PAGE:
The stress and worries parents feel may negatively impact their kids, according to a recent study by the American Psychological Association. Find out how to conquer stress for a healthier home.
The New York City Department of Health and Mental Hygiene funds nine Family Resource Centers (FRCs) throughout New York City, which opened last fall and now offer a full menu of services to local families.
Curiosity, a devotion to passion, persistence, self-control, and a tolerance for failure are five of the most important skills shared by successful adults, according to Karen Quinn, an expert on school admissions and author of "Testing for Kindergarten." Her book covers all the ins and outs (and secrets) behind the world of intelligence tests. Here, she delves into what she discovered along the way about preparing your kids, beyond testing success, for life.
Lunch is important — it's a perfect chance to pencil in some much needed "me time" or do something healthy for yourself. Quit trying to power through the day. Instead, indulge in a mini-break daily. We've got eight reasons to love your lunch, plus tips on how to make the most out of your midday break.
Many kids look to professional athletes as role models, icons, and heroes. So when sports celebrities like Tiger Woods or Lance Armstrong get into trouble, they might feel let down. Here's advice on how to handle those tough situations and turn them into teachable moments.
Recapture your holiday spirit with these four simple steps, courtesy of family psychologist Dr. Susan Bartell.
If you decide to host a big family gathering during the holidays, you can make it into fun activity, and even get your kids involved in the process. Older children can help in the kitchen, while younger kids can be occupied with other activities. You can have a great Thanksgiving, Christmas, or Hanukah and an overall memorable holiday season you, your children and your family will remember forever.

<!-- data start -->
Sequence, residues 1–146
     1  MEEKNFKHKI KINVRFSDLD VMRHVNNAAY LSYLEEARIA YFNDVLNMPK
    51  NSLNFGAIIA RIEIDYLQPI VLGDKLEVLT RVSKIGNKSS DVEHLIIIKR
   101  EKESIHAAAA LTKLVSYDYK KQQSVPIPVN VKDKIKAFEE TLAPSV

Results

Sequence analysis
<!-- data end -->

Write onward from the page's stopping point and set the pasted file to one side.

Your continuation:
Take a step back from the season's commercialism to give thanks for the small things in your life, and in turn teach your children to be more thankful and optimistic.
Crowded, bustling malls, repeated trips to the airport to fetch long-lost relatives, and the constant shuffling of cookies and turkey out of your oven can translate into one reaction: stress. Christmas may be the season of love and celebration, but sometimes holiday festivities can become overwhelming.
New clothes: Check. Hannah Montana backpack: Check. Transformers lunch box: Check. No. 2 pencils, color-coded notebooks, and butterflies in stomach: Check, check, check! A new school year means different teachers, unfamiliar kids, and a whole new routine. This can be stressful for even the most confident, easygoing child—and for parents, too. But work together, and those first days can be a good learning experience for the whole family!
Postpartum depression doesn’t just affect new mothers.
Children with low self-esteem may appear to be well adjusted, but their attitude oozes defeat.
Like it or not, moms are usually the home “sheriffs” and the ones charged with “putting out the fires.” Momagers® (mom and manager) must be great problem solvers who can quell the almost daily sibling or spousal flare-ups. Effective mothering, put simply, requires fine-tuned conflict management skills.
I’ve been studying optimism – and how to teach it to children – for more than 15 years. The research is clear: optimism is a critical skill for happiness, health and success.
New pilot program in Rockland schools
When Alissa Torres was seven-and-a-half months pregnant, her husband, Eddie, started a new job at the World Trade Center. His second, and final, day was September 11, 2001. Widowed, Torres went on to give birth to the couple’s son, Joshua.